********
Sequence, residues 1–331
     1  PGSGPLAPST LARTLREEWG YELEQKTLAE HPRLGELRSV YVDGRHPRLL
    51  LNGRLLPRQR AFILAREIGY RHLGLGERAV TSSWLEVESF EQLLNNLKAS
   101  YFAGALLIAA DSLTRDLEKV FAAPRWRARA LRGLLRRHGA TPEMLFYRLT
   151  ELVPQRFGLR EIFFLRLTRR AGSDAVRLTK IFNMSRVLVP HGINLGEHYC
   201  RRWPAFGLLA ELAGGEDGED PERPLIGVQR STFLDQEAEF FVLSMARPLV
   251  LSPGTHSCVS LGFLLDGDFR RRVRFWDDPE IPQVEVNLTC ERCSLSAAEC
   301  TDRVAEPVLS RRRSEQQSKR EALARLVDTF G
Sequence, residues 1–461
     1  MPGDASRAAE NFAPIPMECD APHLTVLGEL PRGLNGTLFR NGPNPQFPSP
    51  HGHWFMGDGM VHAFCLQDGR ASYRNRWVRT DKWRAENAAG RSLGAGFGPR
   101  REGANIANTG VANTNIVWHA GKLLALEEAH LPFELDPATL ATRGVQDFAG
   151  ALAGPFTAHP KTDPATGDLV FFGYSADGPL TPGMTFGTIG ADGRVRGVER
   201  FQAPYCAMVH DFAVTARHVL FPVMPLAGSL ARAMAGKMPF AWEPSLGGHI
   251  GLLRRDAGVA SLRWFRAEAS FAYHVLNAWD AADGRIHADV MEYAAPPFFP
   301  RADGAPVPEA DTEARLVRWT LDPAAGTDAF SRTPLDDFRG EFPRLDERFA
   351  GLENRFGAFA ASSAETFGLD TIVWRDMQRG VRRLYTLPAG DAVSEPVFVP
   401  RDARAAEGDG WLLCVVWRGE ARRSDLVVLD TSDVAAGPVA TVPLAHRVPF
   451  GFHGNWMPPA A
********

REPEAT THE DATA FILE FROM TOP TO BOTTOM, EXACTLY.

Sequence, residues 1–331
     1  PGSGPLAPST LARTLREEWG YELEQKTLAE HPRLGELRSV YVDGRHPRLL
    51  LNGRLLPRQR AFILAREIGY RHLGLGERAV TSSWLEVESF EQLLNNLKAS
   101  YFAGALLIAA DSLTRDLEKV FAAPRWRARA LRGLLRRHGA TPEMLFYRLT
   151  ELVPQRFGLR EIFFLRLTRR AGSDAVRLTK IFNMSRVLVP HGINLGEHYC
   201  RRWPAFGLLA ELAGGEDGED PERPLIGVQR STFLDQEAEF FVLSMARPLV
   251  LSPGTHSCVS LGFLLDGDFR RRVRFWDDPE IPQVEVNLTC ERCSLSAAEC
   301  TDRVAEPVLS RRRSEQQSKR EALARLVDTF G
Sequence, residues 1–461
     1  MPGDASRAAE NFAPIPMECD APHLTVLGEL PRGLNGTLFR NGPNPQFPSP
    51  HGHWFMGDGM VHAFCLQDGR ASYRNRWVRT DKWRAENAAG RSLGAGFGPR
   101  REGANIANTG VANTNIVWHA GKLLALEEAH LPFELDPATL ATRGVQDFAG
   151  ALAGPFTAHP KTDPATGDLV FFGYSADGPL TPGMTFGTIG ADGRVRGVER
   201  FQAPYCAMVH DFAVTARHVL FPVMPLAGSL ARAMAGKMPF AWEPSLGGHI
   251  GLLRRDAGVA SLRWFRAEAS FAYHVLNAWD AADGRIHADV MEYAAPPFFP
   301  RADGAPVPEA DTEARLVRWT LDPAAGTDAF SRTPLDDFRG EFPRLDERFA
   351  GLENRFGAFA ASSAETFGLD TIVWRDMQRG VRRLYTLPAG DAVSEPVFVP
   401  RDARAAEGDG WLLCVVWRGE ARRSDLVVLD TSDVAAGPVA TVPLAHRVPF
   451  GFHGNWMPPA A